Barely a decade old, this cricket ground in the hometown of the Dalai Lama has to be one of the world’s most picturesque, sitting almost 5,000ft above sea level at the foot of the snow-capped Himalayan mountains. The stadium is home to the Himachal Pradesh cricket team and hosts a number of Indian Premier League matches – during which the Kings XI Punjab take up residence and the ground is packed with raucous supporters. Although there have only been two One Day Internationals played here (India vs. England 2013, India vs. West Indies 2014) the success of the IPL matches is encouraging and we may see more taking place in the future. It is a truly unique venue (imagine coming into bowl from the Himalaya End) with plenty of stunning scenery to keep you captivated during the breaks.

HPCA Stadium Dharamshala, India ©Abhijit Athavale / Flickr

9. Eden Gardens, Kolkata, India

Capacity: 66,000

Dubbed ‘cricket’s answer to the Colosseum’, Eden Gardens is one of India’s premier sporting venues and one of cricket’s most iconic grounds. The Bengal cricket team currently call Eden Garden home, as do the IPL’s Kolkata Knight Riders. Since construction was completed on it in 1864, the stadium has become famous not only for what happens on the pitch, but for the passion of the cricket fans who come to scream their lungs out and cheer on their team from the stands – despite officially holding 66,000 spectators, there have been occasions when the ground held more than 100,000 extremely vocal supporters. Tragically, Eden Gardens is also well known for the riots that occurred during the late 1960s and again in 1999, after Pakistan’s Shoaib Akhtar collided with India’s Sachin Tendulkar impeding his play – spectators were evicted and the match continued in front of empty stands.

10. Feroz Shah Kotla, Delhi, India

Capacity: 40,000

It may not be pretty to look at – the Stadium End resembles a shopping centre multi-story car park – but this concrete jungle is the second oldest international cricket stadium (built in 1883) still in use in India and has witnessed plenty of cricketing history in the making. Home of the Delhi Daredevils, the India national cricket team has also not been beaten here for more than 20 years. Their success is largely down to the support they get from the home crowd, a huge jumble of noise, colour and sound that hardly ever fails to intimidate opposing teams. However, England don’t fare too badly here; of only six games won by visiting teams at Feroz, England have won three.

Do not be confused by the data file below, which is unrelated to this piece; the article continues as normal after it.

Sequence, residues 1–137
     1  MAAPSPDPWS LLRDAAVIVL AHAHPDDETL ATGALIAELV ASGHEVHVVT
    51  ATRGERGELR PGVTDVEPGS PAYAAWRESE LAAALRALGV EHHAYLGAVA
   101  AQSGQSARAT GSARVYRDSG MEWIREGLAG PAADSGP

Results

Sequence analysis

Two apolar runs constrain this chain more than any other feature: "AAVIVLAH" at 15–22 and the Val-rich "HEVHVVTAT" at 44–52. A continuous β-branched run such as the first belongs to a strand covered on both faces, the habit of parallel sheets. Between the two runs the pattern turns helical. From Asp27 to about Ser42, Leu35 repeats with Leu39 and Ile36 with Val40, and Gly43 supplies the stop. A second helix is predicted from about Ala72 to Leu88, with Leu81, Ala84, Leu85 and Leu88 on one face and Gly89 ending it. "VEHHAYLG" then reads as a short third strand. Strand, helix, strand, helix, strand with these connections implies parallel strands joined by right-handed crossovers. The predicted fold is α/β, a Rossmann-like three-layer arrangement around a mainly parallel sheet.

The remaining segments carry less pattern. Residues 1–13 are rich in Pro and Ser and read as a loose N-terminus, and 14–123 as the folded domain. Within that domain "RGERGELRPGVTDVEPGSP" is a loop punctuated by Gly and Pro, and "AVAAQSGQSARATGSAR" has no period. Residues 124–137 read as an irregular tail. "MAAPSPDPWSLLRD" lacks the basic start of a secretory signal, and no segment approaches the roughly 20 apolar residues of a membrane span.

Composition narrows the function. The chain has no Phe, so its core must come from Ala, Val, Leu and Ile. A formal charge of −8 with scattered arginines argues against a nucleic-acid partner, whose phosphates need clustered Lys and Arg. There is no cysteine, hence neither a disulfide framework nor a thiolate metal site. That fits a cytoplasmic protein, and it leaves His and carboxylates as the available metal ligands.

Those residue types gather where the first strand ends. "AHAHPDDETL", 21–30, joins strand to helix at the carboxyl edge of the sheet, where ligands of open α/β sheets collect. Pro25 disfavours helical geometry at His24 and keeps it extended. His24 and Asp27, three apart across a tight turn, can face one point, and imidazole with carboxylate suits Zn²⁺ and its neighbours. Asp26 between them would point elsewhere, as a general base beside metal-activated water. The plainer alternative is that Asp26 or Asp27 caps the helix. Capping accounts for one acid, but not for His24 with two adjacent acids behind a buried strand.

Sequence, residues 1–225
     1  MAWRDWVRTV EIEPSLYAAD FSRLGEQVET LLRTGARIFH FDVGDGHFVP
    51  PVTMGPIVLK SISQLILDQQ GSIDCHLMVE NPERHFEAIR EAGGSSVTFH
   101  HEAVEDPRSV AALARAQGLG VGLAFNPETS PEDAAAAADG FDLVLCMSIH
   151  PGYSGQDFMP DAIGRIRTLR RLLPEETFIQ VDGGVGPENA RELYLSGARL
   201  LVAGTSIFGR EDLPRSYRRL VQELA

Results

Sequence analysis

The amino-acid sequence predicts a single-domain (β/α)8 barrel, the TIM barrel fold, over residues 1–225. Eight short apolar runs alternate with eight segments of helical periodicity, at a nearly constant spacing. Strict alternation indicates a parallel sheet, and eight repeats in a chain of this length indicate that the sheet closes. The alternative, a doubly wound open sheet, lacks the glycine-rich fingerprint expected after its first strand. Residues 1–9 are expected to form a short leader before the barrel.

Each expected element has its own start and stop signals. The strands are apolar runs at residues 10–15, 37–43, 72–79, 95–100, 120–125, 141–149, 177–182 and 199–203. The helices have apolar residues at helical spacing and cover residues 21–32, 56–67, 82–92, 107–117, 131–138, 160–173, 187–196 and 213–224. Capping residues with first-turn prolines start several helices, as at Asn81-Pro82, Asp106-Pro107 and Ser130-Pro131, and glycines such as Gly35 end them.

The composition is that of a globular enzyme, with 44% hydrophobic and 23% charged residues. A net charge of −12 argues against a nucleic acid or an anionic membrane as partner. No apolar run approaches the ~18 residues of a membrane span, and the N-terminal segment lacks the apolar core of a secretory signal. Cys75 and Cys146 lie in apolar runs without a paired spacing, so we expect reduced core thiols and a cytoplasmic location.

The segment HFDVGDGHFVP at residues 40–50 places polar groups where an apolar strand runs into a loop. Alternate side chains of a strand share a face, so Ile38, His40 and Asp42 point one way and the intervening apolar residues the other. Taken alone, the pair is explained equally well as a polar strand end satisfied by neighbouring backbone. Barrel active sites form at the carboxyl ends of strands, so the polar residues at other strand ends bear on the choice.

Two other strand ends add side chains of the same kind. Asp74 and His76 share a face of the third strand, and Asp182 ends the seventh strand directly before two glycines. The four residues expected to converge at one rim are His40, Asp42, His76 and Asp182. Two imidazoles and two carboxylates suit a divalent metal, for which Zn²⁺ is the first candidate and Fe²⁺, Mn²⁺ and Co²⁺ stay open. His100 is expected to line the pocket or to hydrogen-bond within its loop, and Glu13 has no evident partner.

11. Galle International Stadium, Galle, Sri Lanka

Capacity: 35,000

Surrounded by the Indian Ocean, overlooking the 16th century Dutch fort in the south western city of Galle, this cricket ground gives HPCA a run for its money in the picturesque pitches stake. Also known as The Esplanade, it was originally built as a race course in 1876 – the first permanent pavilion wasn’t erected until 1892. However, the original stadium was almost completely destroyed by the 2004 tsunami and has undergone extensive reconstruction over the last decade. But this doesn’t seem to have killed the stadium’s spirit, as the carnival atmosphere spreads through the crowds on big match days, particularly when the Barmy Army are over to join in the fun.

Galle international cricket stadium viewed from moon bastion ©Shehal Joseph / Flickr

12. Newlands, Cape Town, South Africa

Capacity: 25,000

Another belter to add to the bucket-list, Newlands sits in the shadow of South Africa’s Table Mountain and Devil’s Peak and is currently home to the Cape Cobras. During international cricket matches the crowd comes alive, and those lucky enough to bag a spot on a grassy knoll (those that have survived the stadium’s 1990s facelift) bask in the sunshine and soak it all in. Since the first Test match was played here in 1889 – when England defeated South Africa by an innings and 202 runs – the ground has hosted more than 50 Tests, of which South Africa have won 18.

Newlands cricket ground, South Africa ©thomas / Flickr